Monday, February 15, 2010

IGNORED: old people and young people

Old people in nursing homes are bored, I mean, they seem to be bored- and cranky. Kids in public schools are also bored and cranky. No one has time to listen to anyone anymore and the very act of honest conversation is going down the toilet. To remedy this, I think old people in nursing homes should be bused in periodically and assigned to kids in public schools.

I have friends who are teachers for Davidson Metro and they are now responsible for case-working a few kids. This is a new responsibility on top of all the stuff they already have to do. They work ALL THE TIME. They arrive at work at 6 am and don’t leave until 4 or 5 in the afternoon, there is paper grading to be done at home and they have to be available to answer emails from students, evenings of Parent/Teacher meetings, school assembly, all kinds of weird stuff. They work ALL THE TIME and now they are basically responsible for the well-being of a few “troubled” students as well. Way to overwork the overworked.

Old people have mostly gotten over themselves enough to be able to give good advice so I think this would be a win-win situation. The kids would get some much needed attention and the old people would have someone to tell their life lessons to. The only real downfall I can think of is a kid’s assigned old person kicking the bucket or being a secret molester. I think this would be supervised though, maybe like Study Hall.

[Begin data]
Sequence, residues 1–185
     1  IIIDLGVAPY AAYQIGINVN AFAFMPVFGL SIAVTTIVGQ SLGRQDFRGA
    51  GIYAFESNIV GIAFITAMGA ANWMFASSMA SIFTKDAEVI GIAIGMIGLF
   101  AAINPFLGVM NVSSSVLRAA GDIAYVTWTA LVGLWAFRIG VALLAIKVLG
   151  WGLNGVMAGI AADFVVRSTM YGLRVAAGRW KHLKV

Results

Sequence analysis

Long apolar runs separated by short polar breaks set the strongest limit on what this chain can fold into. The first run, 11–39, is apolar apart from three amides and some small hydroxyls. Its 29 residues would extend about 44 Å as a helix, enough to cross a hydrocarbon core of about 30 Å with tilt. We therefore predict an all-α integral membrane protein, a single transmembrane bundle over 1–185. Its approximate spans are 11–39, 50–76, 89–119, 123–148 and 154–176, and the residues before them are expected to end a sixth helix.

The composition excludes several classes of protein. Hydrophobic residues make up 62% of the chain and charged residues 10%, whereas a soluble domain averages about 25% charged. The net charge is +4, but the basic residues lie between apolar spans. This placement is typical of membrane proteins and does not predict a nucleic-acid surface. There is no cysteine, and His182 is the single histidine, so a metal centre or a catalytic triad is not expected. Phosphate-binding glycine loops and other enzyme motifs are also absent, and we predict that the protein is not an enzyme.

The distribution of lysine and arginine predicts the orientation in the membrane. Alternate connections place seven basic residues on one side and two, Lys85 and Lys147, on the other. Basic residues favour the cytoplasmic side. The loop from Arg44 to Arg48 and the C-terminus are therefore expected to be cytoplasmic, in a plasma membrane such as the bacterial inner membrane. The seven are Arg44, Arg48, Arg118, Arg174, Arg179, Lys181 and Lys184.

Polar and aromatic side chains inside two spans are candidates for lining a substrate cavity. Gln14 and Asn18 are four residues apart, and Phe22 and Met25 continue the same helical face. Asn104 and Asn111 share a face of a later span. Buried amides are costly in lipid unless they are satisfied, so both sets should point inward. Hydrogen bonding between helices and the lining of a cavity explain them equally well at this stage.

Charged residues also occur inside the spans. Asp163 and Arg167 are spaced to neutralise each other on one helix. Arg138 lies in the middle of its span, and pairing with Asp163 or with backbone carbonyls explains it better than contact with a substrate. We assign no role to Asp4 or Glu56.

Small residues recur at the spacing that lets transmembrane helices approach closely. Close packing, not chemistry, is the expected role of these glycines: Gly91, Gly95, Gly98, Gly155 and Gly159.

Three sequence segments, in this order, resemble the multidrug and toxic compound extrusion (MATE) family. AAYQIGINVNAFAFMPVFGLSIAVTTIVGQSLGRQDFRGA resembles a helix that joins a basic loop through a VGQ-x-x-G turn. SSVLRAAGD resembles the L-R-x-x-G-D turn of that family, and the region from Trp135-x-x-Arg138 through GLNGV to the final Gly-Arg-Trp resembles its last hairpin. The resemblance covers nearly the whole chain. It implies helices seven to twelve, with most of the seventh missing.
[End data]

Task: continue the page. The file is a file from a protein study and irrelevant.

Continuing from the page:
So old people would sign up for this, it would be advertised in newspapers (old people still read those) and in nursing homes. PUBLIC SCHOOLS LOOKING FOR MENTORS! 65+ and explain it was on a volunteer basis, maybe provide a free lunch or something. The mentors would be screened and the kids would be given a self-assessment, then matched according to their interests. It would probably be expensive to begin it but once it got started I think it would work really well.

Parents would have to sign a waver that stated if you wanted your kid to attend public school you have to agree to this because it would be the freaky parents who would feel their “privacy” being violated or whatever over this that would cause a stink. Man, I wish Americans weren’t such assholes and suing each other all the time. We’d be less afraid of everything.